Then, come down here and listed to the obvious pride in my voice when I tell you that in 10 years of teaching these Prealgebra sections, some 1500+ students, I have been able to inspire 4 students enough for them to become math majors. That may not seem like a lot to you, but when you consider that 50+% of the students that begin at the Prealgebra level or lower don't earn an Associate's degree, let alone a Bachelor's, this is something that I will continue to be proud of for the rest of my career. By the way, all four have earned their degrees in math and are gainfully employed. I wish that I could inspire more in that way, and I try to every day. However, it's difficult when the first thought of most at that level is when they can get their next social media fix.

You see Pretentious Ass Clown (can I call you Pretentious Ass Clown), venting is what keeps me from going batshit crazy wondering if I made the right choices in life. It's what keeps me from drinking more than I already do to forget the agony of apathy in my classrooms.

I've spent way too much time on this. I guess I'll conclude with . . .

FUCK YOU. Fuck you and the unicorn you rode in on. Fuck you with the unicorn you rode in on.


P.S.: Fuck you.


This post appeared earlier as a comment, but after some suggestions from readers, the RGM has given it some space on the page.

Stommel Told Us to Get Serious, so Let's Get Serious

Hey you miserable bastards,

Half of you won't click on a linked article (I won't even try to replicate Ben's gag). The other half are innumerate idiots. So here's a linked article that's guaranteed to piss everyone off. My confidence interval on that is off the fucking charts.

Many of us are in fields where citation frequency is used as a measure for pay increases and promotion. This generates a fair amount of disagreement as to whether or not that's a fair metric. Here's an interesting analysis of citation frequency by gender in the notoriously sexist discipline of philosophy. How do you think your discipline would hold up under a similar analysis?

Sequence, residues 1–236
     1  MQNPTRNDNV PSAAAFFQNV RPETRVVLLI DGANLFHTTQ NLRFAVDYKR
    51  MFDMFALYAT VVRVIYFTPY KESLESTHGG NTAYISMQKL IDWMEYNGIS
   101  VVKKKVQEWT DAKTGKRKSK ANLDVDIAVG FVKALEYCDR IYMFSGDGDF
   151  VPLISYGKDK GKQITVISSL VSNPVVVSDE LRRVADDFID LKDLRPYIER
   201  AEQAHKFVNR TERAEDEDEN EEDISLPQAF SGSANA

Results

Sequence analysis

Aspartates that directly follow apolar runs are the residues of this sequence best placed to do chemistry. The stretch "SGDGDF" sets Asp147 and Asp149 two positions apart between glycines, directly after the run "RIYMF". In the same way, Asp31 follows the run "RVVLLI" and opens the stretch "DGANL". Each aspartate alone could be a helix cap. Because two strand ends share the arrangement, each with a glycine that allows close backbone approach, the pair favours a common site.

Please to enjoy le flayvah as they say in France:

From The Pitt News. Fewer tests, more feedback: Reexamining college grading.

Tests come with stress and are notoriously inaccurate at gauging a student’s knowledge of a subject. Researchers have linked sustained mental stress to multiple health issues, like sleep problems, depression and eating disorders. According to the National College Health Assessment, one-third of college students in the past 12 months had difficulty functioning because of depression, while half said they felt overwhelming anxiety.

Professors, especially in non-humanities departments, which often rely on highly consequential exams more than multiple papers for grading, should understand these realities and attempt to provide a less mentally taxing grading system for their students. They should put less priority on exams and more priority on homework and weekly quizzes.